The Patient Simple Clinical Colitis Activity Index (P-SCCAI) can detect ulcerative colitis (UC) disease activity in remission: A comparison of the P-SCCAI with clinician-based SCCAI and biological markers

Floor Bennebroek Evertsz, Pythia T. Nieuwkerk, Pieter C.F. Stokkers, Cyriel Y. Ponsioen, Claudi L.H. Bockting, Robbert Sanderman, Mirjam A.G. Sprangers

Research output: Contribution to journalArticleAcademicpeer-review

49 Citations (Scopus)

Abstract

Aim To develop a patient-based Simple Clinical Colitis Activity Index (P-SCCAI) of ulcerative colitis (UC) activity and to compare it with the clinician-based SCCAI, C-reactive protein (CRP) and Physician's Global Assessment (PGA) of UC activity. Monitoring UC activity may give patients disease control and prevent unnecessary examinations. Methods Consecutive UC patients randomly completed the P-SCCAI either before or after consultation. Gastroenterologists assessed patients' UC activity on the same day. Overall agreement between SCCAI and P-SCCAI was calculated with Spearman's Rho and Mann–Whitney U test. Agreement regarding active disease versus remission and agreement at domain level were calculated by percent agreement and kappa (κ). Results 149 (response rate 84.7%) UC patients participated. P-SCCAI and SCCAI showed a large correlation (rs = 0.79). The medians (IQR) of the P-SCCAI (3.78;0–15) tended to be higher than those of the SCCAI (2.86;0–13), although this difference did not reach statistical significance (z = 1.71| p = 0.088). In 77% of the cases the difference between clinicians' and patients' scores was not clinically different (i.e. ≤ 2). Percentage agreement between clinicians and patients, judging UC as active or in remission, was 87%, rs = 0.66, κ = 0.66, indicating a substantial agreement. In general patients tended to report more physical symptoms than clinicians. C-Reactive protein (CRP) was found to have a significant association with both P-SCCAI and SCCAI (κ = 0.32, κ = 0.39 respectively) as was PGA (κ = 0.73 for both indices). Conclusions The P-SCCAI is a promising tool given its substantial agreement with the SCCAI and its feasibility. Therefore, P-SCCAI can complement SCCAI in clinical care and research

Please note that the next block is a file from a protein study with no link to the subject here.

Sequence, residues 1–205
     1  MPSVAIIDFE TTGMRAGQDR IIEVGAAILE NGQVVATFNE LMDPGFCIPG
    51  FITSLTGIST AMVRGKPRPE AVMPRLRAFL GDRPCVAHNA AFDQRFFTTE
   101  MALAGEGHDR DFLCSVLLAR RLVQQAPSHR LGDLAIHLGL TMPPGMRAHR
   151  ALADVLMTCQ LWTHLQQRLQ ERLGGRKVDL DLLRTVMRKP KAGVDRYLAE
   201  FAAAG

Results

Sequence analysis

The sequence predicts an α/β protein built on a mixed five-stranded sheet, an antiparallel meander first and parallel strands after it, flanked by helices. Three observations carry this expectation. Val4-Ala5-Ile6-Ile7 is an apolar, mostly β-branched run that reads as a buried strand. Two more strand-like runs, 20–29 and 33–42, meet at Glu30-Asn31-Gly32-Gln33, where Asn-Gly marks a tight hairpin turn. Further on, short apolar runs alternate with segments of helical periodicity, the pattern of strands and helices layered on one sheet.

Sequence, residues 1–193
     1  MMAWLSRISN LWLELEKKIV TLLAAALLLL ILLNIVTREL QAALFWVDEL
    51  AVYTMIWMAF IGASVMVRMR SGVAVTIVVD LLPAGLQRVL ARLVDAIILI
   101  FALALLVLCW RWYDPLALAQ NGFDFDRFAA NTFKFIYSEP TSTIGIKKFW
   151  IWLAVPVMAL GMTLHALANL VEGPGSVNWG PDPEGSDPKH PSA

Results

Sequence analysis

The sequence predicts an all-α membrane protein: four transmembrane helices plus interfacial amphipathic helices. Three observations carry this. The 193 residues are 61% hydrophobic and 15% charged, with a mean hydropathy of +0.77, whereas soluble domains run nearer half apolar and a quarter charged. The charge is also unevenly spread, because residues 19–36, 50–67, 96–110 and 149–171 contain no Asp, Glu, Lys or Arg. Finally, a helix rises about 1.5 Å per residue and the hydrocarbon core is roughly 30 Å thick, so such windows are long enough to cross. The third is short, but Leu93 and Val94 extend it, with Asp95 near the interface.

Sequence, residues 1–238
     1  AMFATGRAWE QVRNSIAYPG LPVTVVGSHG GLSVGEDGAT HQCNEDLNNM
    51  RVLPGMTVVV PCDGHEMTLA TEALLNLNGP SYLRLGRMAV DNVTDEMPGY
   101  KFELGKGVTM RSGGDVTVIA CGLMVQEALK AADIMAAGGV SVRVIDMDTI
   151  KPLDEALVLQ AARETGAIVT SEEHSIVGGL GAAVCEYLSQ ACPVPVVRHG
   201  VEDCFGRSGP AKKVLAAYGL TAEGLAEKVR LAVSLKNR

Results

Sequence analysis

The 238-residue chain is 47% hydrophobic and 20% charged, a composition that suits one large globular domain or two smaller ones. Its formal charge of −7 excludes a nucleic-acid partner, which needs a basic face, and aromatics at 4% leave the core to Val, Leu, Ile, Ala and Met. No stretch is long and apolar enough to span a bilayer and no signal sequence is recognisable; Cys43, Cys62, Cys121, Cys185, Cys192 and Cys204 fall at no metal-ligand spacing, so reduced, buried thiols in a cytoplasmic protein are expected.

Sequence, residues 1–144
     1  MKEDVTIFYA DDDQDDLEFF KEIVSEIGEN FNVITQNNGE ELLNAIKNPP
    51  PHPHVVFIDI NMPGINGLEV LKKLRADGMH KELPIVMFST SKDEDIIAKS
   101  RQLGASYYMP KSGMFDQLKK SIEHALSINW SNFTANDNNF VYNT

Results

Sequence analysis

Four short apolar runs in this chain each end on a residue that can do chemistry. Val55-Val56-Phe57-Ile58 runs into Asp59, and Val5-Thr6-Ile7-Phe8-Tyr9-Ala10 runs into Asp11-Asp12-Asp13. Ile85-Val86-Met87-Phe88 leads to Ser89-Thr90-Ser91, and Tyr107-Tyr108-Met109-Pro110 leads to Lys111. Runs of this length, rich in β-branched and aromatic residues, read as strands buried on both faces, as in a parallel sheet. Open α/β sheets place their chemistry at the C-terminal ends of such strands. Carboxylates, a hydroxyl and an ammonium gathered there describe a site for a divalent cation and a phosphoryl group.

Original languageEnglish
Pages (from-to)890-900
JournalJournal of Crohn's and Colitis
Volume7
Issue number11
Publication statusPublished - 2013

Keywords

  • METIS-304987
  • IR-91714

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